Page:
By Bob Geline
May, 2017 – When is the right time to use humor in a presentation?
How much funny stuff is too much? What kind of stories are o.k.?
Questions like these come up frequently in workshops, and I have heard a variety of opinions on the answer. My view is that humor is a powerful tool that can have benefits for the presenter and the audience. When used properly, it can be a great way to establish rapport and set comfortable tone that helps maintain audience attention.
At the same time, humor does have risks. Don’t forget what Winston Churchill said: “A joke is a serious thing,” First and foremost, humor you decide to include in your talk must be relevant to your topic. Unless your assignment is to do a stand up comedy routine, telling jokes for the sake of telling jokes is a no no.
You must also pay attention to the kind of humor you are using. Self-deprecating remarks usually work well, especially if they highlight a quirk or shortcoming that’s common to everyone. Making jokes at someone else’s expense is almost always a bad idea.
One final thought. Sad but true, when it comes to telling jokes and being funny, most of us aren’t terribly good at it. As the old show business saying goes: “Dying is easy. Comedy is hard.” Think about your own abilities in this area, and your limitations. Do the calculus in deciding whether the benefits of humor in your presentation are worth the risks.
by Robert J. Geline
President, 144 Media LLC
March 2017 — March Madness, the college basketball chase for a National Championship, is an American Rite of Spring. In the annals of this annual attraction, there is no basketball coach whose record of success begins to match that of the legendary “Wizard of Westwood,” the late John Wooden.
Between 1964 and 1975, Wooden’s UCLA teams won 10 of 12 NCAA championships, including seven in a row. No team or coach has since come close to this extraordinary record. Wooden’s success was built on his ability as a teacher, but his teachings were not basketball-specific. For example, here are three eminently adaptable sayings of the “Wizard” to help you succeed when you give a presentation, meet with the media or speak to any audience.
by Robert J. Geline
President, 144 Media LLC
January 2017 – In the first week of Donald J. Trump’s presidency, sales of George Orwell’s 1984 jumped to the top of the best-seller list on Amazon.com. Why the sudden attraction to an almost 70-year-old warning about the dangers of totalitarianism that introduced the idea of “Doublethink” and the language of “Newspeak”?
With the understanding that correlation does not mean causation, it is difficult not to conclude that President Trump’s performance during his first days in the White House – a tone-setter during which, among other things, he presented us with the patently false notion that the crowds who attended his inauguration were the largest ever, and declared war on what he terms the “dishonest media” over its debunking of that claim amid other perceived sins – was behind the new interest in the old classic.
For the record: I am not a Donald Trump supporter, and did not vote for him.
The conventional wisdom holds that Donald Trump “broke all the rules” in his successful campaign for the Presidency, and that he has possibly rewritten the politician’s playbook for success.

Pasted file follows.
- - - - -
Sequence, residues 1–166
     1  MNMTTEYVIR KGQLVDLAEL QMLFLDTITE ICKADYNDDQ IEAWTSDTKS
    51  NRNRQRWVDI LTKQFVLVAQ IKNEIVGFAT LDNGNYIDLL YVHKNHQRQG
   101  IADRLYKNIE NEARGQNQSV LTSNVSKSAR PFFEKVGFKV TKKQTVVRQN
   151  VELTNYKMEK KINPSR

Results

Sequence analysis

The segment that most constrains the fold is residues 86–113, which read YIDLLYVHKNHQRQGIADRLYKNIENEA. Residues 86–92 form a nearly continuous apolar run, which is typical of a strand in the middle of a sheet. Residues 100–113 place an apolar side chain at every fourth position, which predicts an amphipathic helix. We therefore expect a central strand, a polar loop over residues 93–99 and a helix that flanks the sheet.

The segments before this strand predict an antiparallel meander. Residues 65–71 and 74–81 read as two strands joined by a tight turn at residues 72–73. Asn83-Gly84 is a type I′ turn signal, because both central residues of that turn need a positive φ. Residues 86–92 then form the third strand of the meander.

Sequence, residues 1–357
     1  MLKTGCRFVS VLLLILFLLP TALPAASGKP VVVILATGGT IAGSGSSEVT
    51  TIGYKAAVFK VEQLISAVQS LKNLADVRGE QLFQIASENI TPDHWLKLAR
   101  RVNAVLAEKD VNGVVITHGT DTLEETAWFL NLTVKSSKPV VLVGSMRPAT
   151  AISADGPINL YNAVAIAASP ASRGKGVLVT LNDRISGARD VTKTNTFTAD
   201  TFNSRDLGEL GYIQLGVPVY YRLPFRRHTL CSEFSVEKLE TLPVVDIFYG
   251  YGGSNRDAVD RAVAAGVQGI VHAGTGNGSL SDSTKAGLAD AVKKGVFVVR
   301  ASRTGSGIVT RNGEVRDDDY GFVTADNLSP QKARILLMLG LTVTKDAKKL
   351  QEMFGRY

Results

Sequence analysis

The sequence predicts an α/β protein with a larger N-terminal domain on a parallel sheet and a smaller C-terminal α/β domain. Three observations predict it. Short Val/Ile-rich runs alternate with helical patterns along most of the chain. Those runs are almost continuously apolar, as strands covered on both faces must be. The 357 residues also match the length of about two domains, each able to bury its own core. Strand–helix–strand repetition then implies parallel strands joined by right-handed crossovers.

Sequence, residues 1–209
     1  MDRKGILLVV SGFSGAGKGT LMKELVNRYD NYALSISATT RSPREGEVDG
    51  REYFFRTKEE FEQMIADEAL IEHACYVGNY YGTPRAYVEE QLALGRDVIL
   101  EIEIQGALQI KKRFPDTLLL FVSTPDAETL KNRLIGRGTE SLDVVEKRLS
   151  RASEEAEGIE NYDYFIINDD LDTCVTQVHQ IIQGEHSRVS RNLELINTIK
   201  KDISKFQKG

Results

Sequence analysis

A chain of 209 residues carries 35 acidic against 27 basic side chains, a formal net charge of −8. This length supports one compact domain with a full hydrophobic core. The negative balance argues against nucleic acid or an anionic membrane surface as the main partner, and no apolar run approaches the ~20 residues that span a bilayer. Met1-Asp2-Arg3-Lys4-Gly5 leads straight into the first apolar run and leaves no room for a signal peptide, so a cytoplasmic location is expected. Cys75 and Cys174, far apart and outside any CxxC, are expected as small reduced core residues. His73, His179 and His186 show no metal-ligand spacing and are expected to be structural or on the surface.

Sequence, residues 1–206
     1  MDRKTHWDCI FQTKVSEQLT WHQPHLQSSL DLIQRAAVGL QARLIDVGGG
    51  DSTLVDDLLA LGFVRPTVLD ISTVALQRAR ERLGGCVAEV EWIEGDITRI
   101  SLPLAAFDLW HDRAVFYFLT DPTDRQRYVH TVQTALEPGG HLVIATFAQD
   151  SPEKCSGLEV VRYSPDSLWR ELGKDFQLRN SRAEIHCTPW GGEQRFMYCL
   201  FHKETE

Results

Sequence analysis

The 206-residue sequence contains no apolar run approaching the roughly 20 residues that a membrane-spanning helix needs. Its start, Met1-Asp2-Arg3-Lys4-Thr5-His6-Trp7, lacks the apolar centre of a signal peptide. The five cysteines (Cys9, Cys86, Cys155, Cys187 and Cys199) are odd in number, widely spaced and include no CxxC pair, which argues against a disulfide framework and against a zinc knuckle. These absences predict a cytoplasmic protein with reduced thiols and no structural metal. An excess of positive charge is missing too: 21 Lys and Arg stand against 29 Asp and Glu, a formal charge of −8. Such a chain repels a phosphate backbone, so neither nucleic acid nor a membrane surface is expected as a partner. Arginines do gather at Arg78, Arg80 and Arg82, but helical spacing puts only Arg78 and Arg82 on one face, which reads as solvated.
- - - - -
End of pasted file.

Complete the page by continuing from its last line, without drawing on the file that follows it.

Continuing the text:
But I suggest that in order to best understand how Trump managed his victory, it is just as important to take note of the rules Trump did not break on his way to the White House.
The CEO was surprised. “I need to look away in order to think,” he noticed during a recent coaching session to prepare for a panel discussion to be video webcast to a global audience.
The executive was referring to his habit of regularly breaking eye contact in order to organize his thoughts while responding to questions during videotaped role-play interviews. The habit made him appear detached and ill at ease, detracting from his credibility and positive perception of his message.
There is an epidemic afoot in the land that you won’t find in a list of infectious diseases. I call it the “content-free speech” virus, and it is seriously degrading the quality of discourse at every level of society.
Be warned: Failure to treat this insidious malady can destroy careers, reputations, deals and entire organizations. The afflicted are unable to avoid interspersing their speech with entirely content-free words or phrases.
They often sound like this:
( Read aloud for maximum effect)
“So . . . I’d like to take a few minutes of your time to . . . y’know, like, um . . . talk a little bit about people who . . .um, y’know . . . say they are interested in being better communicators, all right?
Thanks largely to Hollywood and cheap jet travel, the British traveler often knows that to satisfy the cravings of a sweet tooth, you need to ask for a cookie in an America bakery, and not a biscuit, which will get you some kind of breakfast or dinner roll. And to answer nature’s call, Brits often understand that you’ll get there faster in the US by asking for the bathroom or the restroom, and not the loo.
Conversely, many Americans know that in Britain, French fries are called chips, and that if they want potato chips in the UK, they need to ask for crisps. The fact that in London the tube is something that you ride, not something that you watch, is also a usage many Americans are clear about.